2. Acknowledge that no matter how fit you are, you will feel like you have the body of a 90 year-old within three hours of completing the course. You do not want to schedule anything major the rest of the day because you will be walking around like Betty White by dinner time. Your bed will never feel as good as it does that night when your head hits the pillow. I’ve also come to realize that since I do not have access to an obstacle training course, there is no real way for me to practically train for this other than to build endurance and strength and just go for it. No matter how fit you are…it will be challenging and sometimes it is just challenging because the pool of water you just slid into is freezing cold and your muddy shoes are making it really difficult to swim.

3. Do not wear your best shoes or really any shoes that you want to keep. Both times I have left my shoes behind. They served me well during the event and went out on a high note.  Even more important, make sure your shoes have decent grip and tie them tight! I almost lost one of my shoes during the very first obstacle. Luckily, both of my shoes completed the Battlegrounds with me.

4. Expect strangers to be super encouraging and supportive.  While it is competitive, you are really only competing against yourself. The last race, I had strangers helping me over walls. Everyone is struggling together towards the same mission of completing the obstacle and crossing the finish line.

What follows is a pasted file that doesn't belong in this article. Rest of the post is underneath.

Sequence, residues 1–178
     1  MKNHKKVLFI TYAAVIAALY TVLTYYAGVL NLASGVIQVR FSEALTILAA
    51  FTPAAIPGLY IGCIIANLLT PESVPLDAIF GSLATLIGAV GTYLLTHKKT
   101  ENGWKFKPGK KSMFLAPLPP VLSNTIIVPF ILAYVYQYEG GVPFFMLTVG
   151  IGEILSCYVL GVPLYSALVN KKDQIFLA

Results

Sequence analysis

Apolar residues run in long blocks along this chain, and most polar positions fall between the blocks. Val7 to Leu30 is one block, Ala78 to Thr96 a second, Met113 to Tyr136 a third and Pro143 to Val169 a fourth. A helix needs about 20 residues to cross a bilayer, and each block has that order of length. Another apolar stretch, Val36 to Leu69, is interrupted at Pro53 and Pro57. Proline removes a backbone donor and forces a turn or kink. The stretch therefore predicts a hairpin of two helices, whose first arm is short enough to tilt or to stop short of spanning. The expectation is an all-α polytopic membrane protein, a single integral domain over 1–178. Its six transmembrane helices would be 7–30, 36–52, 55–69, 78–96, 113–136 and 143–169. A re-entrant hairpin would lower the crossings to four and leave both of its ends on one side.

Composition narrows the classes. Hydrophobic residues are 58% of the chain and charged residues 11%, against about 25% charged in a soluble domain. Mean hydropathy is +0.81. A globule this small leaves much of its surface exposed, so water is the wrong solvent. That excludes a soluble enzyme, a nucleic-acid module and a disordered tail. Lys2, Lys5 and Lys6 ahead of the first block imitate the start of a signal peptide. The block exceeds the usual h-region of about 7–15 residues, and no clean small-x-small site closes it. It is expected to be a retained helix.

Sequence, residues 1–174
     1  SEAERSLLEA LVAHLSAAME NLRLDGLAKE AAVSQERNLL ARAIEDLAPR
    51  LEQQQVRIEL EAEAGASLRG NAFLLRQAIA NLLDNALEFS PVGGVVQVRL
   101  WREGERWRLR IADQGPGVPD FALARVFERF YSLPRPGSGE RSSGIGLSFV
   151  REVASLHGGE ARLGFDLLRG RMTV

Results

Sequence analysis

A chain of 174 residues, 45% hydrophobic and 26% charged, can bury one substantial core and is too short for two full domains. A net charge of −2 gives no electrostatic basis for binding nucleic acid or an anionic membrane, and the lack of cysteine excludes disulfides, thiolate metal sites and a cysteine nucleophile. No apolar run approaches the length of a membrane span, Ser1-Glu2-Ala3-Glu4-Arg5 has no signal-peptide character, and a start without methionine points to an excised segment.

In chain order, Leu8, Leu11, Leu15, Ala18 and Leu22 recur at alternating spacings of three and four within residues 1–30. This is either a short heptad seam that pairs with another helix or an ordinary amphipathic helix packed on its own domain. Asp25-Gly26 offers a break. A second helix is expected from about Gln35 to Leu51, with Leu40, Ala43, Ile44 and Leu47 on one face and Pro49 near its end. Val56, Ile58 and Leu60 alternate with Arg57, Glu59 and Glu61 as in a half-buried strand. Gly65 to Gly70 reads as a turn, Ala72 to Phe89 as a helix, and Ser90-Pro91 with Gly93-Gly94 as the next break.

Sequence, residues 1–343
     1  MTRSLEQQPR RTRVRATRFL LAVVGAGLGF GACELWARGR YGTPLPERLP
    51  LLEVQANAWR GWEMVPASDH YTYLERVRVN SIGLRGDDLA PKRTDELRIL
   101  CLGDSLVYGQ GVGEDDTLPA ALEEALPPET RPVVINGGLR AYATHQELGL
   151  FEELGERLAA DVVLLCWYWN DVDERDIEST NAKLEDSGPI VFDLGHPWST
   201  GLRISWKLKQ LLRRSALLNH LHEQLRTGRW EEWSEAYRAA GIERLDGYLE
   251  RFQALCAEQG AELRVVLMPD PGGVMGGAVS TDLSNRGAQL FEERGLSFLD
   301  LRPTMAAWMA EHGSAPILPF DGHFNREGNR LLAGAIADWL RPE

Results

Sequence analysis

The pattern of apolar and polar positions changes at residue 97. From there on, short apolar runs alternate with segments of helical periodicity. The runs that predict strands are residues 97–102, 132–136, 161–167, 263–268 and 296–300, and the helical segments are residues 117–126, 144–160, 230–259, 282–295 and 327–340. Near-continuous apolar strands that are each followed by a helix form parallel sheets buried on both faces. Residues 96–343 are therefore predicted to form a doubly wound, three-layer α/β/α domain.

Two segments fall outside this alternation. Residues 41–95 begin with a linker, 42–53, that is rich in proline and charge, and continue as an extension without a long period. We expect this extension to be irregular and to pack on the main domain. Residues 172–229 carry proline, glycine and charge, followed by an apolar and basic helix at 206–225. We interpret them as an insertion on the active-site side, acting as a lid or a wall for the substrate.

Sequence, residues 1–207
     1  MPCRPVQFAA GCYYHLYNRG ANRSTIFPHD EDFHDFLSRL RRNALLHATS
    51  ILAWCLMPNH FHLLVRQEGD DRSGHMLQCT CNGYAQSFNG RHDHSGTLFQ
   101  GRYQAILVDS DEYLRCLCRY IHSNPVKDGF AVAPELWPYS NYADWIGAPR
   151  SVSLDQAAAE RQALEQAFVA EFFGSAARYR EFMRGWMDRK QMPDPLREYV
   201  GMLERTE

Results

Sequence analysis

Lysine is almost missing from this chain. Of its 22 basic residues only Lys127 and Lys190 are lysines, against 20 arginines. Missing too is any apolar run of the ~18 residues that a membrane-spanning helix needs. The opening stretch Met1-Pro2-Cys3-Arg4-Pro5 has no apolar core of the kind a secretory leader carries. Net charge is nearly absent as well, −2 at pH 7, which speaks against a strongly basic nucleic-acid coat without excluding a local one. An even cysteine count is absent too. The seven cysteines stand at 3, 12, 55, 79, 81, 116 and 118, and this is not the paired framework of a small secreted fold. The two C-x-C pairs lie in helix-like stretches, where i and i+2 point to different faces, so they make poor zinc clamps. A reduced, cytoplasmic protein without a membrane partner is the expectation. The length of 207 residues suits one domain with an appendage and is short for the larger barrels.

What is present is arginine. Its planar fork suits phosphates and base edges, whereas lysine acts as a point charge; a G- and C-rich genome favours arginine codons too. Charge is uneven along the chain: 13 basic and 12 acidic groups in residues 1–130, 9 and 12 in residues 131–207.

5. Finally and most importantly, you will feel an amazing high once you cross that finish line, and will immediately want to sign-up for the next one.  You will be beyond impressed with your abilities and wonder how in the heck you managed to achieve what you just did. No matter what I write, you really wont appreciate how amazing it is until you experience it. It’s kind of like childbirth in that sense, but instead of leaving with a baby you leave with a t-shirt and legs covered in bruises.

The next Battlegrounds is on May 19, 2018….it’s only one hour from the St. Louis area, includes free parking, pictures, bag check, shirt and post finish beer. I am not getting paid to write these things, but it really is a great value for the experience and you don’t have to drive that far. Hope to see you there!  Battlegrounds Website


(I feel like I need to include a sixth lesson that you will expect your pictures to come out really badass and then these will be the gems that you get….)